A brief excerpt from a paper I’m writing on Godâ€™s response to the poor. This partially Â explains one of the reasons I am passionate about opening The Well Coffeehouse. Â I’d be honored if you took a quick read and offered any comments or insights.
From the beginning God intended for man to care for His Creation. This “watch-care” included care for the animals and the land. It might be argued too that God designed Adam to care for his only â€œneighbor,â€ his wife, Eve. Eve is traditionally blamed for committing the first sin that led to the fall of mankind. The first misstep (or whatever one might wish to call it), however, was Adamâ€™s failure to protect and to provide care when Eve was in need of intervention. Sin was introduced into the world and mankind inherited a fallen nature that would continuously struggle with one of Godâ€™s most essential desires: care for one another.
Many things were inherited in the fall of mankind but one of the greatest struggles for mankind from the first days outside of the Garden until today is the social responsibility to care for one another. This is an inherited flaw that is seen in the firstborn son of Adam. Cain inherited a tragic apathy that is revealed not only in the murdererous treatment of his brother but perhaps more deeply in his response to God that asks, â€œAm I my brotherâ€™s keeper (Gen 4:29)?â€ The bigger issue here is why this was ever a question to begin with. It is a question that reflects a marred creation that has quickly forgotten how to care. The unfolding Story of Scripture is Godâ€™s answer to the question. It is revealed through the prophetic voices and reaches a crescendo with a resounding, â€œYes!â€ from the Jubilee-declaring Messiah (Luke 4).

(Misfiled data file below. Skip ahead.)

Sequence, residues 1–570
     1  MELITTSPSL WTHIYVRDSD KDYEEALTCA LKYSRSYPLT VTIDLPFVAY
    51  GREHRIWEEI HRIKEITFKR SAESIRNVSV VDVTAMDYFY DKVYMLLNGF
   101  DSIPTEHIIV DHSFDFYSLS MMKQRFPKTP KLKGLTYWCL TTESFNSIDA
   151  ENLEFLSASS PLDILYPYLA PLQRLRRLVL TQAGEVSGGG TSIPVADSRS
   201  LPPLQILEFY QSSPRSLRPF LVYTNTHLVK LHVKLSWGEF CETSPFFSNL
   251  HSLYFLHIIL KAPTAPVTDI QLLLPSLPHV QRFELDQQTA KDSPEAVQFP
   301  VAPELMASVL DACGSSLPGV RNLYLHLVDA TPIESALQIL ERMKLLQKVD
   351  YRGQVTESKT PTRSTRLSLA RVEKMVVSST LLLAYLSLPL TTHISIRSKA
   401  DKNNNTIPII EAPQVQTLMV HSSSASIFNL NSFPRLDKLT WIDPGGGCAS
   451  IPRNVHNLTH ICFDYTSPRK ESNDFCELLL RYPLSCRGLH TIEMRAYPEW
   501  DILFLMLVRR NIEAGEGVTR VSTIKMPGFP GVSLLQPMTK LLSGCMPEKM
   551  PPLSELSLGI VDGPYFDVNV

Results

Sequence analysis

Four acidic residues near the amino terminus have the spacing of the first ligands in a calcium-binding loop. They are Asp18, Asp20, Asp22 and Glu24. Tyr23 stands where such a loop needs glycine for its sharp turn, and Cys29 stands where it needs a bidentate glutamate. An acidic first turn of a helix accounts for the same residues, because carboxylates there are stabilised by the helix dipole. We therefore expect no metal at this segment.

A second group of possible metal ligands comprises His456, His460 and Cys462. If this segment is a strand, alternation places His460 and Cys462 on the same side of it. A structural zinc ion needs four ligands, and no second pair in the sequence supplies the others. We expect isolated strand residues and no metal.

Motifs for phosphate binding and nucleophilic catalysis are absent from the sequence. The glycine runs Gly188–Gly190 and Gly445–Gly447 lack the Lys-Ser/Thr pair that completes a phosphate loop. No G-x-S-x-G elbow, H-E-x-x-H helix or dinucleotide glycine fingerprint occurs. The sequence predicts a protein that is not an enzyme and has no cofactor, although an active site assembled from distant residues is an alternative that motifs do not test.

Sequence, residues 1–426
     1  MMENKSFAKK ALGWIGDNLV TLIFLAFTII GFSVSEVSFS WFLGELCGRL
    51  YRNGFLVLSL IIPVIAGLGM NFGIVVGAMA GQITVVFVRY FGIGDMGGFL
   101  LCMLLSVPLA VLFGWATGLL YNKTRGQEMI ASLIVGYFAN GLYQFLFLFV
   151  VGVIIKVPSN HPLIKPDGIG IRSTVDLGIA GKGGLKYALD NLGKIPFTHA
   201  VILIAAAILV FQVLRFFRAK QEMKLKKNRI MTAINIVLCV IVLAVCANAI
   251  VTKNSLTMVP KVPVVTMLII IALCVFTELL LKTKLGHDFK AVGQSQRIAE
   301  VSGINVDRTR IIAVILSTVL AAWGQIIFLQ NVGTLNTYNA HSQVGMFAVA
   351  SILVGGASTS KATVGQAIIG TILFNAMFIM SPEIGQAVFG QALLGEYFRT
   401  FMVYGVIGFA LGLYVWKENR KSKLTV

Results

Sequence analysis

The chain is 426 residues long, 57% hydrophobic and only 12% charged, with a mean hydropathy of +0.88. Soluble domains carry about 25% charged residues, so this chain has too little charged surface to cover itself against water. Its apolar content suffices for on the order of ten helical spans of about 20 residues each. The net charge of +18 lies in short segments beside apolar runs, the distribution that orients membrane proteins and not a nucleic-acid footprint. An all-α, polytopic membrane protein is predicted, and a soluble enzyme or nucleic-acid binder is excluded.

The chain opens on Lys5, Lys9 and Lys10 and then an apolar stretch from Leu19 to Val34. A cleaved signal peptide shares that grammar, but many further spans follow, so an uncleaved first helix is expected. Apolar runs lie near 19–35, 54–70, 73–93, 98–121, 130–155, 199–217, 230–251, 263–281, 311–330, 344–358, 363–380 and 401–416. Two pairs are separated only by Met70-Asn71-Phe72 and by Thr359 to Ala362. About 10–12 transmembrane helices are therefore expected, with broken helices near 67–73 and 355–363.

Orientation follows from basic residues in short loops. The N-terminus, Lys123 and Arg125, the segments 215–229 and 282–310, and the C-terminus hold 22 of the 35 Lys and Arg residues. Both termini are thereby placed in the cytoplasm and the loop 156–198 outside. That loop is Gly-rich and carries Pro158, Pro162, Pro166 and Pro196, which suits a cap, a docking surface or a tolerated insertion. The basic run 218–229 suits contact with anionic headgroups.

This â€œyesâ€ from God comes fittingly through a community. Cainâ€™s rhetorical question will echo through the Israel community. They are a people whose very purpose is to provide care for the world as â€œa light to the Gentilesâ€ (Isa. 49:6). Israel was to model the watch-care of its own community and the watch-care of its neighbors.